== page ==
Monday, September 7, 2009


So I was hanging out with Allison the other day and she asked me if I groomed my leg hair. And I said, "If I were going to do anything to my leg hair, I'd just shave it." Which surprised her to a degree that surprised me. I guess there's widespread assumption that it's a Statement.

My body hair is not a Statement.

There are a couple of levels on which I want to address this. The first is explanatory: I don't shave because I dislike the act of shaving, and a couple of years ago I just realized that the social rewards were not worth the pain in the ass that shaving regularly represents. It's not something I put mental or political energy into not doing, it's just something I don't do. (Comfort is also an issue. With shaving armpits come razor burn, prickliness, and a gross damp feeling.)

On a more meta level, I have a problem with the idea that someone's corporeal body can or should be a Statement. It's an idea that comes from a misinterpretation of the idea of "the personal is political," which was designed to let the complexities of real life, real experiences, gain legitimacy in the over-simplified political sphere. By contrast, the concept of making one's life into a Statement is based around taking simplistic political slogans and structuring your life around it, regardless of nuance. I guess everyone falls into that trap to one degree or another (ex.: I don't think I could date a Republican), but I try to stay out of it.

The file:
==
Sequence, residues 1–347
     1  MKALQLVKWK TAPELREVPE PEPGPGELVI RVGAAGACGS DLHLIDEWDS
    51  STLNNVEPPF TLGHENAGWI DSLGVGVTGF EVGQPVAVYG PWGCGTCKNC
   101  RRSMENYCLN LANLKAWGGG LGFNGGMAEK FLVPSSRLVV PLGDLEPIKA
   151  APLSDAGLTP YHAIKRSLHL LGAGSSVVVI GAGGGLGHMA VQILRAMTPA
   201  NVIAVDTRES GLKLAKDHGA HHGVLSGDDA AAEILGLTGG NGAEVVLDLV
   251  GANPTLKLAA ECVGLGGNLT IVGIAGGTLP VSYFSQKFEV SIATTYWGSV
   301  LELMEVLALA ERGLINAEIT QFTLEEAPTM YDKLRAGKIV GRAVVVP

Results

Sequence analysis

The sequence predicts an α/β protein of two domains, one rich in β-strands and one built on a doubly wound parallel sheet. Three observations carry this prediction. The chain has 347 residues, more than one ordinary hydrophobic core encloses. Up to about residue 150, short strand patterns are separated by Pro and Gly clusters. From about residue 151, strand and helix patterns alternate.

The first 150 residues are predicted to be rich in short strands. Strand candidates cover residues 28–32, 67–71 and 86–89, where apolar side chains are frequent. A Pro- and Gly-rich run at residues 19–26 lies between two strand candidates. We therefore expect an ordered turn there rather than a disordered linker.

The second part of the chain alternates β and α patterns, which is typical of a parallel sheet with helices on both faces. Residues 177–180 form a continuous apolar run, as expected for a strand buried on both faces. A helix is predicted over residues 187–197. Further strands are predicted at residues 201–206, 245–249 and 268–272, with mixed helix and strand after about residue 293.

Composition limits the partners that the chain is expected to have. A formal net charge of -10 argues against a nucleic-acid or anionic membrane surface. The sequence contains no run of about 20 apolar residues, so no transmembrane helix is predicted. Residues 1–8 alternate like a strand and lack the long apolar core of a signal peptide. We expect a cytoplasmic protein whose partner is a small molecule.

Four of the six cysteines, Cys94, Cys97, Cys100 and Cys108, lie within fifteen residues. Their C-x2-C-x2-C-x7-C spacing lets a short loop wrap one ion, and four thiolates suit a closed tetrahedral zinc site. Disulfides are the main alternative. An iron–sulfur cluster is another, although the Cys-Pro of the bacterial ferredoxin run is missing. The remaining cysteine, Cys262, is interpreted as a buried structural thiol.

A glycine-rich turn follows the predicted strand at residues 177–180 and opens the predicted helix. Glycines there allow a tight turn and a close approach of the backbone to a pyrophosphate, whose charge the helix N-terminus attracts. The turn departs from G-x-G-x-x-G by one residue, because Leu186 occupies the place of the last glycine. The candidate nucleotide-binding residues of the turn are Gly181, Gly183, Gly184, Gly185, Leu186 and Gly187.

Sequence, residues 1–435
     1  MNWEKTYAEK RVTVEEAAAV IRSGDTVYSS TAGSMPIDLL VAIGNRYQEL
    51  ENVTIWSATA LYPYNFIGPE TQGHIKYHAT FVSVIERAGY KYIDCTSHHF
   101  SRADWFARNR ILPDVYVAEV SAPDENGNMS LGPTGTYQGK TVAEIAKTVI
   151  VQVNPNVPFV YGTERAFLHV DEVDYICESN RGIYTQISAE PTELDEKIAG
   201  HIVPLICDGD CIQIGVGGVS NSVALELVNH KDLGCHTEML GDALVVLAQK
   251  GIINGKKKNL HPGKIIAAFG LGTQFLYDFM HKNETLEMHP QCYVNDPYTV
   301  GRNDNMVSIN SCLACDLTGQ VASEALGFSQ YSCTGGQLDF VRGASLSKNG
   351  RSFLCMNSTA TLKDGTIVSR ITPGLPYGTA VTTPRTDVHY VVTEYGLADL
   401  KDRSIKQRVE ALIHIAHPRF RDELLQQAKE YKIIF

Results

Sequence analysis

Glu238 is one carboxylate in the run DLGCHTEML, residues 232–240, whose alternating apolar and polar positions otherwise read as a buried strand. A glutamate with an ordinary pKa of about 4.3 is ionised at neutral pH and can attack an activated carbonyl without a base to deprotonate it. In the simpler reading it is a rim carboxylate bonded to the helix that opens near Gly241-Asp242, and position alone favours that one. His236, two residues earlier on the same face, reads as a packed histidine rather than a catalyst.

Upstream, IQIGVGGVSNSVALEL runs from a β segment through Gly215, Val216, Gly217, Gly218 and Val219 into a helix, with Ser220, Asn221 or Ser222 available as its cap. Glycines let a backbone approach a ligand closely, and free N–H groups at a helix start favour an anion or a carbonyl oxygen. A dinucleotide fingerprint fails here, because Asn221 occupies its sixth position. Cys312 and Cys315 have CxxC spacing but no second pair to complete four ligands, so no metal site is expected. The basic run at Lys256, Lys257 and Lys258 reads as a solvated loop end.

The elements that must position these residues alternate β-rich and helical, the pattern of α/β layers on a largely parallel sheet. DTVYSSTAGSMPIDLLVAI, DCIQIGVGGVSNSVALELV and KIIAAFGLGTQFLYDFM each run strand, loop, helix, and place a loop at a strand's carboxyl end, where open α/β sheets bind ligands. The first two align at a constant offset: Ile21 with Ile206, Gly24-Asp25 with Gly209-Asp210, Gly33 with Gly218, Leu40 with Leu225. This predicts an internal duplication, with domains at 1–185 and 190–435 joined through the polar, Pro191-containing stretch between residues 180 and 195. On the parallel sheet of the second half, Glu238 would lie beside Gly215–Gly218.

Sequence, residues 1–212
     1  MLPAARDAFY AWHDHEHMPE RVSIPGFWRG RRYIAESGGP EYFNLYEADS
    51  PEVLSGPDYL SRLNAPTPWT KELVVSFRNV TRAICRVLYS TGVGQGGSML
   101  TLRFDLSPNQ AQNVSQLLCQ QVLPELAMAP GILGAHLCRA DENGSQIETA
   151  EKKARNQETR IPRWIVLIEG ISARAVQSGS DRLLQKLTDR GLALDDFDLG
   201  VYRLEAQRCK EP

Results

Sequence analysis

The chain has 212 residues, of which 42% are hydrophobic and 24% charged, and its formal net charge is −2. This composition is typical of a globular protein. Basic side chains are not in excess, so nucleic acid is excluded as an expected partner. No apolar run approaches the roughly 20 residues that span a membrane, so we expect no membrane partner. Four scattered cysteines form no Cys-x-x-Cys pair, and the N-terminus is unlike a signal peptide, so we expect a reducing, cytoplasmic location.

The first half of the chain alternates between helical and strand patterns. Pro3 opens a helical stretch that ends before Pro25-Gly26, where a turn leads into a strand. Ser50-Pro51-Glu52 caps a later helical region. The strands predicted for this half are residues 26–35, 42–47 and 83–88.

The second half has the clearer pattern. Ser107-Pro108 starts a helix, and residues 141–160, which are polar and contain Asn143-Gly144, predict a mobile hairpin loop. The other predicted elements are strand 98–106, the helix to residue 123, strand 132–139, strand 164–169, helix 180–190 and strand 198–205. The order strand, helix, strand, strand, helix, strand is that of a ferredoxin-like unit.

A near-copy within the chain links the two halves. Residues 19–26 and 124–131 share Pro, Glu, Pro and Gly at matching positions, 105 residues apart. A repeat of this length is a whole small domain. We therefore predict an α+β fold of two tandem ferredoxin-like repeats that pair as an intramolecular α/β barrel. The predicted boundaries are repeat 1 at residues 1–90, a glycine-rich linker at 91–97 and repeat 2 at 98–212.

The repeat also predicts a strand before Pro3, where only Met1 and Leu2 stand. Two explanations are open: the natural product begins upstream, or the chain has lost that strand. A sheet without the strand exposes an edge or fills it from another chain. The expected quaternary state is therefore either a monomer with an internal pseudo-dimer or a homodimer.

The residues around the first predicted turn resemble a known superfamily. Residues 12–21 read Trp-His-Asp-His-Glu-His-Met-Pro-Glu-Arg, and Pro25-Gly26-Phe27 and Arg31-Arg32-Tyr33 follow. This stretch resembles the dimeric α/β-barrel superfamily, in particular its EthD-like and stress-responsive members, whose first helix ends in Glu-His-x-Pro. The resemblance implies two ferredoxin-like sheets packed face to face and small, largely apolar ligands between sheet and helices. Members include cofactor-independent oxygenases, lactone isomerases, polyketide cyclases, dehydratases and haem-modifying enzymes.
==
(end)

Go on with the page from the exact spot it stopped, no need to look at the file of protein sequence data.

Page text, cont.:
Unfortunately, I think that things like not shaving cause people to think I'm some sort of ultrafeminist, which is not how I think of myself. I have a lot to say about why and how and how much I consider myself a feminist, but for the sake of brevity let me just say this: feminism doesn't mandate that I not shave. Feminism allows me to not shave.

(Ironically, as my wardrobe starts to gravitate toward pointy-toed shoes and pencil skirts, I'm starting to think leg hair is an aesthetic incongruity and I'm considering taking a pair of electric clippers to it.)

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